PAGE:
Just a quick one

I’m on nights at the moment, my favourite type of shift. So I’m just going to do a quick little post. Firstly, to all the people who emailed me after Tom Reynold’s “interview” in the daily Mail – no I have absolutely no intention of quitting, I love my job and unless something cataclysmic happens I can’t see me leaving it any time soon and no, I don’t fear for my life every time I go on a job, it’s East London not some war-torn country! oh and my pub was in Dover (Kent) and I loved it! Despite the fact that the article looks to the untrained eye like it was penned by the man himself, anyone who knows him personally or by his blog writing would know that although he did the interview the article has been written (and sensationalised slightly) by someone other than him.

On to other things. If you call an ambulance and it turns up and you manage to shout at the nice ambulance lady “why aren’t you doing anything, I’m dying, I can’t breathe, why aren’t you doing anything you lazy ambulance person” in one breath then the chances are that the ambulance lady was right and you can, infact, breathe. Believe it or not we have to do training before we’re let loose on the public, and can recognise when someone is about to die. If you then choose to ignore the advice that the ambulance lady gives you about how to make yourself feel better, please don’t be surprised when she offers little sympathy when you next shout “I can’t breathe, help me, I need some kind of medication.” I believe the particular person I’m referring to found that nursing staff and doctors also use a similar theory…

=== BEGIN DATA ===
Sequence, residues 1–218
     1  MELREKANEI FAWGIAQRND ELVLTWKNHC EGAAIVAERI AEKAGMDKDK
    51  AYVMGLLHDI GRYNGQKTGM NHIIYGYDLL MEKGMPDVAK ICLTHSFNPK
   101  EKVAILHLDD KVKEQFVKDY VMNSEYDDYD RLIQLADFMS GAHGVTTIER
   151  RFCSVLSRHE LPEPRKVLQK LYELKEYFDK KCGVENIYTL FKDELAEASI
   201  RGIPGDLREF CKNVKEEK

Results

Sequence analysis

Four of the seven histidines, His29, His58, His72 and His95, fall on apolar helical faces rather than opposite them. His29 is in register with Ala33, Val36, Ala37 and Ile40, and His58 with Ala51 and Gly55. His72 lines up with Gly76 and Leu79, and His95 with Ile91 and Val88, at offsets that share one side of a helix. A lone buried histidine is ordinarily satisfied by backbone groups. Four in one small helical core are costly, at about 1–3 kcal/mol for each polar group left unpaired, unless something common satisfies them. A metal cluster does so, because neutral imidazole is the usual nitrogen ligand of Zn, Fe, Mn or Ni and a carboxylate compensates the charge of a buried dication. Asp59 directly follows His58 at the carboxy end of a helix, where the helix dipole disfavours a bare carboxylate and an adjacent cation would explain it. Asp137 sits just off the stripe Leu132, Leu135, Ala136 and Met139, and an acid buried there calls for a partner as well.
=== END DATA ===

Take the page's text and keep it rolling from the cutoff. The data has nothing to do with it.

There’s nothing like crawling under my duvet when the rest of the world is dragging itself up for another day at the office, so it is with some pleasure that I say – “I’m off to bed, have a great day!”

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~ by Laura on July 18, 2007.

2 Responses to “Just a quick one”

  1. Getting under the duvet after a long hard night shift—-HEAVEN, even better if the rain is lashing at the window—yea

  2. If the patient can bellow across the unit ‘I can’t breathe’ then usually they are ok. The ones I worry about are the quiet ones.

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